The Flaw in Euler's Proof of His Polyhedral Formula
The American Mathematical Monthly
Leonhard Euler, in the course of his long and productive career, published 866 mathematical works, enough mathematics to ﬁll seventy-four volumes. On the theory of polyhedra, however, Euler did not contribute many pages of new material. Nevertheless, with the following theorem he made the most signiﬁcant contribution to the theory since the foundational work of the ancient Greeks, perhaps the most important contribution ever [6, p. 156]:
In every solid enclosed by plane faces, the number of faces along with the number of solid angles exceeds the number of edges by two.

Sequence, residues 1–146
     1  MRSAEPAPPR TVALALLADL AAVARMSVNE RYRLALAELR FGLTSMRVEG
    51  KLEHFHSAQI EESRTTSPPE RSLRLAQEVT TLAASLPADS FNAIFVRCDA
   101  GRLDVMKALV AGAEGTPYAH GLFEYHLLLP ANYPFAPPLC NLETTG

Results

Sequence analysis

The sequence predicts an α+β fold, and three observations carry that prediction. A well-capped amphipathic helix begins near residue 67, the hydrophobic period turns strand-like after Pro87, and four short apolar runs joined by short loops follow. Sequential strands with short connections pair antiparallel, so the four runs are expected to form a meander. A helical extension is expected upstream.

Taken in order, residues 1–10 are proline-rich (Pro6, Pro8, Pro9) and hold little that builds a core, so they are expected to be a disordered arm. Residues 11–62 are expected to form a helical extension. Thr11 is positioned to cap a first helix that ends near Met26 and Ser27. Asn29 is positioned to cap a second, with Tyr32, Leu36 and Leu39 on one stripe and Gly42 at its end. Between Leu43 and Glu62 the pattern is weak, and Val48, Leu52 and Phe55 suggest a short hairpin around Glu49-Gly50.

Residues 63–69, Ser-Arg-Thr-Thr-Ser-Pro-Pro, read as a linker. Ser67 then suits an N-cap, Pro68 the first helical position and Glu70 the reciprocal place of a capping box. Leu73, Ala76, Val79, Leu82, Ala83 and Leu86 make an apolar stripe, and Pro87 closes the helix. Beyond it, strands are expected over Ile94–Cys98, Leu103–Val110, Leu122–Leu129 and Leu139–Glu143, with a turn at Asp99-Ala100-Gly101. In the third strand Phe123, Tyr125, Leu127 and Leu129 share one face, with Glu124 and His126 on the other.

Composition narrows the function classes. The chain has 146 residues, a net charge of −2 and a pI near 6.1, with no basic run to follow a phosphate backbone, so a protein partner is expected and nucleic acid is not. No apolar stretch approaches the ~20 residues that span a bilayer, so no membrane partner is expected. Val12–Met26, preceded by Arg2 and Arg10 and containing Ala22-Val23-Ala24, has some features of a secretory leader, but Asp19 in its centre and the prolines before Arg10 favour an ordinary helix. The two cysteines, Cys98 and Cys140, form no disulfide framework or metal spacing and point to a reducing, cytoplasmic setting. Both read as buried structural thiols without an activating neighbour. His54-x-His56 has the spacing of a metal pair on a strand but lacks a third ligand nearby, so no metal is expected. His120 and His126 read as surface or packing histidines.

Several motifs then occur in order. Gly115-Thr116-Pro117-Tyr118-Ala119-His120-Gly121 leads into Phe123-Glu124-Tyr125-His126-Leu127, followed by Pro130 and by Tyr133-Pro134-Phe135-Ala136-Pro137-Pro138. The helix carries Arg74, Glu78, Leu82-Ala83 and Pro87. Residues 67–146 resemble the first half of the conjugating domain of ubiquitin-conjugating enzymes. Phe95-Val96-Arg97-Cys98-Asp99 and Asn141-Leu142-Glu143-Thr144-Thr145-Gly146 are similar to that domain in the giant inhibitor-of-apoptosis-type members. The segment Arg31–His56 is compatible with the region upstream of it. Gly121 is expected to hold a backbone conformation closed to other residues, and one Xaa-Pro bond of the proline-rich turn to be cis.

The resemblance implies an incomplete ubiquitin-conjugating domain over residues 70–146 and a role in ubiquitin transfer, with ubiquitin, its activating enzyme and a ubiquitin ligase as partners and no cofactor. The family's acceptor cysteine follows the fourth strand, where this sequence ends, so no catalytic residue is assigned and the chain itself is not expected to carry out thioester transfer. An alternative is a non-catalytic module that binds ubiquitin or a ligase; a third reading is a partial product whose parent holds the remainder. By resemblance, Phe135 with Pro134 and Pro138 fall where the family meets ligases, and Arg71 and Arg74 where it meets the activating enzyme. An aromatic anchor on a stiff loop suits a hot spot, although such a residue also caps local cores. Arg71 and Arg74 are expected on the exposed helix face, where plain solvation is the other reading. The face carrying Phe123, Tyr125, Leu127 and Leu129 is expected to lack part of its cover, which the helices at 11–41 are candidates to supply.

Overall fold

This theorem, which we refer to as Euler’s polyhedral formula, typically has the form
V − E + F = 2,
where V, E, and F denote the number of vertices, edges, and faces of a polyhedron.
Francese, Christopher, and David Richeson. "The Flaw in Euler's Proof of His Polyhedral Formula." The American Mathematical Monthly 114, no. 4 (2007): 286-296. https://www.tandfonline.com/doi/abs/10.1080/00029890.2007.11920417